During my tenure in Kenora I have often thought there was a closer affinity between this region of the country and Manitoba than Southern Ontario. So it only makes sense a former ‘Toban, Glen Murray, would call for the creation of a regional government for Northern Ontario.
Murray, who served as mayor of Winnipeg from 1998 to 2004, now lives in Toronto and is MPP for Toronto Centre. He’s presently on the campaign trail as a candidate in the 2013 Ontario Liberal Party leadership race. At an all-candidates debate in Thunder Bay on Sunday, Murray displayed an understanding of northern and rural issues by voicing the idea of a regional government that would administrate transportation, energy and regionally relevant legislation such as the Northern Growth Act and the Far North Act.
Four of Murray’s rivals embraced the idea of giving northerners a louder voice in decisions that directly affect them, but make no mistake none of the leadership candidates are using the ‘S’ word. In fact, Kathleen Wynne cautioned this kind of policy idea can’t be viewed as the Liberal Party supporting the idea of Northern Ontario separating from the rest of the province.
But Murray drew a parallel between how a regional government could address the unique needs of the North and the way the 2007 City of Toronto Act allowed the province’s population centre to levy taxes for administrating some of its provincial affairs.
Northern Ontario doesn’t normally get that kind of consideration. I’m with the Northwestern Ontario Municipal Association in calling not only on the Liberal leadership candidates but Ontario’s Progressive Conservatives and NDP to share whether they have a fresh approach to dealing with Northern Ontario after the neglect of Premier Dalton McGuinty.
Murray’s idea to expend an effort to fertilize a stronger relationship with the North is not a new one.
Even before Leo Bernier grew into the King of the North, Premier John Robarts led a delegation of 75 MPPs, including 14 cabinet ministers, on a 2,000-mile, 10-day rail trip through Northwestern Ontario in the fall of 1968 to provide an opportunity to study first hand some of the problems that are unique to the northern portion of the province.
“The whole purpose of the tour,” Roberts said at the time, “is to give the members of the Legislature a greater appreciation of the vital contribution this area makes to the economy of the province as a whole.”
Whether Murray is familiar with Robarts — who by the way was born in Banff, Alberta, which makes him the only Ontario premier not to have been born in Ontario — and the 1968 northern tour is not known. He may just as well have been drawing on history gained as Winnipeg mayor.
After all, in 1968, then Winnipeg mayor Steve Juba suggested extending the boundaries of Manitoba to the cities of Port Arthur and Fort William in order to create a competitive, yet healthy attitude for the province of Manitoba.
Then-Manitoba premier Walter Weir responded to Juba’s comment stating “there is nothing sacrosanct about arbitrary boundaries,” adding there should be changes in provincial boundaries, “the main reason being the will of the people.” John M. Reid, Kenora-Rainy River MP at the time, said the idea of joining of Manitoba was not the proper approach but suggested consideration might well be given to the creation of two provinces within Ontario.
Both ideas have been bantered around again and again. As recently as 2006, the Central Canada Public Policy Research Trust was reviewing alternative political structures including a new political relationship with the province of Ontario, separation from Ontario and merger with Manitoba.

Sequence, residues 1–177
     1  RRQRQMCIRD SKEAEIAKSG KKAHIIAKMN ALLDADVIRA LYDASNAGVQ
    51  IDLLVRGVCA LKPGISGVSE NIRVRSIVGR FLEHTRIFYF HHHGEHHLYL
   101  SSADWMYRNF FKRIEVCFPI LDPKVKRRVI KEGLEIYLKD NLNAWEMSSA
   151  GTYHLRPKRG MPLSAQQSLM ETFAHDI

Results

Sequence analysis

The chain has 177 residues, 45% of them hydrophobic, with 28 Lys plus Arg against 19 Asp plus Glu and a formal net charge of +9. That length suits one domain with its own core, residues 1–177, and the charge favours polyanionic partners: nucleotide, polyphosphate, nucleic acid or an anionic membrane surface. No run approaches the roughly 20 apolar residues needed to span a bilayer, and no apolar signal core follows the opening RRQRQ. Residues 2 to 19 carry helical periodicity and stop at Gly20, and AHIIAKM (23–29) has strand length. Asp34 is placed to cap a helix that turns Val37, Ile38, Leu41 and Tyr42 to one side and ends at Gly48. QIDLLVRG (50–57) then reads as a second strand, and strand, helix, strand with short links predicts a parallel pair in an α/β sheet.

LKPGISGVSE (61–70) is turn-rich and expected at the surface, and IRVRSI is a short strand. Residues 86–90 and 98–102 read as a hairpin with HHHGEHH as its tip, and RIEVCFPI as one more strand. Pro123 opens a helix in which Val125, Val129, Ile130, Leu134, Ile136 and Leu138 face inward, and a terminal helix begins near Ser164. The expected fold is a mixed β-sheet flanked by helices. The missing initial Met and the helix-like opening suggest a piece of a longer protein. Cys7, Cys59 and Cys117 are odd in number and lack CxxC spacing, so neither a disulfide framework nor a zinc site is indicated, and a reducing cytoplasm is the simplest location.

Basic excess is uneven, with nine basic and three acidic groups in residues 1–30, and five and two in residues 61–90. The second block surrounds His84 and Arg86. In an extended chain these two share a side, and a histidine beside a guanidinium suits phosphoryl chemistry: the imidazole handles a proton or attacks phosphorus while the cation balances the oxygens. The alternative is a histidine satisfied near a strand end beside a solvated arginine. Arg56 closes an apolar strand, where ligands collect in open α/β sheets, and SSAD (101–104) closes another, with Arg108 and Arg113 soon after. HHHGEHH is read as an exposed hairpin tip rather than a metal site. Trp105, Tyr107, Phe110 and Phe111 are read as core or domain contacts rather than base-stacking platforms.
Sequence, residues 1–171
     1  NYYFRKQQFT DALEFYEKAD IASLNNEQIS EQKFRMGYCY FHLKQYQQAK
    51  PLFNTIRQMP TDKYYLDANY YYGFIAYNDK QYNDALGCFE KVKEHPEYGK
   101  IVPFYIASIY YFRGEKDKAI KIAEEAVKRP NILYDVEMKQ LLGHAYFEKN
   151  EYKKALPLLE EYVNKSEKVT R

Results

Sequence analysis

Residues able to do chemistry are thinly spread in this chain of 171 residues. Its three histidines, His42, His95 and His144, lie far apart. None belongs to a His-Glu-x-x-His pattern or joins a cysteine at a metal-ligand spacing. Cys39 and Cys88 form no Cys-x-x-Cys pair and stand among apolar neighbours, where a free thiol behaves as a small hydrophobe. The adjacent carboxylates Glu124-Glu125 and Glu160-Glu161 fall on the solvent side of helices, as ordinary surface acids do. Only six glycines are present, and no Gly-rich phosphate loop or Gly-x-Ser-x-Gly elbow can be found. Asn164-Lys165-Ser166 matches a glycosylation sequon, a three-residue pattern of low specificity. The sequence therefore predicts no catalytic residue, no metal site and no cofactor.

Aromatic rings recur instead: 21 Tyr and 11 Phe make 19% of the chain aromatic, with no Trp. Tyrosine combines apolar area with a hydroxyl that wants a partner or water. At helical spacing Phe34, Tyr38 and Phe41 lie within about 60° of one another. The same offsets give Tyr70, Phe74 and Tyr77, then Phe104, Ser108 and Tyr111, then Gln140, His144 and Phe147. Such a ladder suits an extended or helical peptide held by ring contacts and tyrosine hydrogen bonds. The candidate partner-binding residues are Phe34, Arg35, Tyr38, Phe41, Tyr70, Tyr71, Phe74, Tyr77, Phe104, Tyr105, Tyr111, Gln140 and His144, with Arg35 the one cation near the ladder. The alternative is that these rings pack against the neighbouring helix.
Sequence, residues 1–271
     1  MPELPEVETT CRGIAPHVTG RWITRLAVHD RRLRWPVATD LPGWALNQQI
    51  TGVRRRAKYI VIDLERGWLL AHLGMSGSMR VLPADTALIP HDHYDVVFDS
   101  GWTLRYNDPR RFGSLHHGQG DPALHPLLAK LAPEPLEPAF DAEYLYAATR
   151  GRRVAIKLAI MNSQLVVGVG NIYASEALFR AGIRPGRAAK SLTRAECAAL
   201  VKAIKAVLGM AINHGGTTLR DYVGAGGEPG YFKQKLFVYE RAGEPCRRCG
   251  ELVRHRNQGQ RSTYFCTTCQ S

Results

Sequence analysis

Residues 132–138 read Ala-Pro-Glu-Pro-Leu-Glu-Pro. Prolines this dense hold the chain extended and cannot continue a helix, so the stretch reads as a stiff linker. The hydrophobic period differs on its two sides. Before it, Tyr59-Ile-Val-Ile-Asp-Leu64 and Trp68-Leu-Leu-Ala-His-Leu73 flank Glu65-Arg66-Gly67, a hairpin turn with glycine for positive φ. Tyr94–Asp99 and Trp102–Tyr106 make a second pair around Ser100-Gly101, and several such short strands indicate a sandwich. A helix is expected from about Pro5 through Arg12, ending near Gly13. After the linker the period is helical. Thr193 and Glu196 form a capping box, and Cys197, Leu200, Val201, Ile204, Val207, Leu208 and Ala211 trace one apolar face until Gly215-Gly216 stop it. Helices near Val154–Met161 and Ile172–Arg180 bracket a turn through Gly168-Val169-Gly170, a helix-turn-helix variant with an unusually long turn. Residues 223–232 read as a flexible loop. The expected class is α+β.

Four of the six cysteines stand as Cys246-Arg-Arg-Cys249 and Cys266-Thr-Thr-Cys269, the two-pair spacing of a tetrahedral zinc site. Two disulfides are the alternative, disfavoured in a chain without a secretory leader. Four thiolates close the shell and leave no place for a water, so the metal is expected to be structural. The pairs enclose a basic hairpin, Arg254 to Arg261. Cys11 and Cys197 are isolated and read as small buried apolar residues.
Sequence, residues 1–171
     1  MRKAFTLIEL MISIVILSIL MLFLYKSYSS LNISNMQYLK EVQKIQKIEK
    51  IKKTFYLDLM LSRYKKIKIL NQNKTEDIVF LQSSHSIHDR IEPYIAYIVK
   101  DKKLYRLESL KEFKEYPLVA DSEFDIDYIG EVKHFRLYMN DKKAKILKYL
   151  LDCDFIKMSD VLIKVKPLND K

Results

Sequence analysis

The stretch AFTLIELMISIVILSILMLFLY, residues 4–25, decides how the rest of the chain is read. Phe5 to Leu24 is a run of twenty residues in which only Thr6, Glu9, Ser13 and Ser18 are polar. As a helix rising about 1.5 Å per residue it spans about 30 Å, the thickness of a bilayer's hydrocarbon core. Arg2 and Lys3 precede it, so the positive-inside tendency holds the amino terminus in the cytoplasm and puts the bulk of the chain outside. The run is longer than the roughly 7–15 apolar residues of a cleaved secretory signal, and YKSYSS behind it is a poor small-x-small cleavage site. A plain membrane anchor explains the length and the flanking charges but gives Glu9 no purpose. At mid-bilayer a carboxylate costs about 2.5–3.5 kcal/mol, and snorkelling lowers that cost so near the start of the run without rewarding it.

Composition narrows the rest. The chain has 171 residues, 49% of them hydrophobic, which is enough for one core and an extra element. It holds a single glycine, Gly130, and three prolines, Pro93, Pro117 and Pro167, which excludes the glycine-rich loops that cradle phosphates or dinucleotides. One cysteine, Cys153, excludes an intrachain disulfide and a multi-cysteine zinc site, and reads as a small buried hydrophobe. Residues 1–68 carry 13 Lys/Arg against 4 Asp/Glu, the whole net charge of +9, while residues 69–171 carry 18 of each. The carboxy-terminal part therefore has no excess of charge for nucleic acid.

Kenora Mayor Dave Canfield sat on the three-member trust and eventually pushed aside talk of joining Manitoba. He said the solution wasn’t in separation from Ontario, but in better relations with Queen’s Park.
This week, Canfield insisted Northwestern Ontario needs an independent deal from Northeastern Ontario, but said the concept of the decision-making process in the Northwest, by the Northwest for the Northwest is what has been asked for for years.
Even Ed Deibel, who formed the Northern Ontario Heritage Party in the 1970s, long ago stopped advocating full separation of the region from the province. A suggested seven per cent tax to heating and electricity in the April 1973 provincial budget of Premier Bill Davis led to the formation of the Northern Ontario Heritage Party by 1977. The party was formed to campaign for provincial status for Northern Ontario, but later dropped the idea from its platform, and continued to promote Northern Ontario’s interests within Ontario until disbanding in the 1980s without ever electing a member to the provincial legislative assembly.
Deibel began reviving the party in 2010 and the party received 683 votes in the 2011 Ontario election.
In the late ‘90s, when the issues were the spring bear hunt and the Mike Harris government’s Lands for Life policy, there was talk of forming a Northern Coalition Party to run in the provincial election, separating from southern Ontario or, at the very least, having legislation to protect northern interests when decisions were made that directly affect the north.
I recall Canfield, then the mayor of Jaffray Melick, being a guest with other northern politicians on TVO’s Studio 2 and alluding to the underlying problem of the issues at the time being a lack of understanding of the north among southern Ontarians.
My point would be why keep banging our head against a wall? There is just not enough former Tobans pursuing political aspirations in Ontario to give us the needed edge.
For the original version of this article, please go to the Kenora Daily Miner News website: http://www.kenoradailyminerandnews.com/2012/12/13/promoting-regional-autonomy-as-a-campaign-issue-raises-expectations